De­ported Aus­tralian stu­dent was spy, North Korea says

The Fresno Bee (Sunday) - - News - BY CHOE SANG-HUN

North Korea said Satur­day that Alek Sigley, the Aus­tralian stu­dent whom it de­ported this past week, had been a spy who ad­mit­ted to “sys­tem­at­i­cally” col­lect­ing in­for­ma­tion about the iso­lated coun­try, with a state news agency re­port­ing that he had been “caught red-handed.”

Sigley, 29, a grad­u­ate stu­dent in Korean lit­er­a­ture at Kim Il Sung University in Py­ongyang, was freed in North Korea on Thurs­day and de­ported on the same day. Un­til now, nei­ther Sigley nor the North’s gov­ern­ment had pub­licly explained why he had been de­tained.

On Satur­day, North Korea’s of­fi­cial Korean Cen­tral News Agency, us­ing the ini­tials for the North’s of­fi­cial name, the Demo­cratic Peo­ple’s Repub­lic of Korea, said Sigley was caught Tues­day while “com­mit­ting an­tiD­PRK in­cite­ment through the in­ter­net.”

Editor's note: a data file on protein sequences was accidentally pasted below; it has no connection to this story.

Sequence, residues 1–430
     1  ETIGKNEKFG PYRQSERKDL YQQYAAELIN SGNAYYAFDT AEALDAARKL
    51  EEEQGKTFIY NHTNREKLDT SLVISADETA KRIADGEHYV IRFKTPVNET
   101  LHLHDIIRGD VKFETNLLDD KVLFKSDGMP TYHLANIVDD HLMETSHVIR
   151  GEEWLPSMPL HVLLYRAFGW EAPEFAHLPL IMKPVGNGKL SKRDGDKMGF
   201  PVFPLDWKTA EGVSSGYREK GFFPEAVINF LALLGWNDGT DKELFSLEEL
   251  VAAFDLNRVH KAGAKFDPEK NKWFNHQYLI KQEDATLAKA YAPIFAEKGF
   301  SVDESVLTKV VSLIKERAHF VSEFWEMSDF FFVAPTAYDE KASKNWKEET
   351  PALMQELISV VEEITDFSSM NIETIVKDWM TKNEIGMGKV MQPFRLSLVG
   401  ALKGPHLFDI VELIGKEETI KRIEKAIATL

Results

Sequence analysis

“He hon­estly ad­mit­ted his spy­ing acts of sys­tem­at­i­cally col­lect­ing and of­fer­ing data about the do­mes­tic sit­u­a­tion of the DPRK and re­peat­edly asked for par­don, apol­o­giz­ing for en­croach­ment upon the sovereignt­y of the DPRK,” the news agency said. North Korea ex­pelled him with “hu­man­i­tar­ian le­niency,” it said.

Sigley could not be reached for com­ment. But af­ter his re­lease, he said as he emerged at Bei­jing’s in­ter­na­tional air­port Thurs­day, “I’m OK, I’m good.” He de­clined then to ad­dress a re­porter’s ques­tion about why he had been de­tained.

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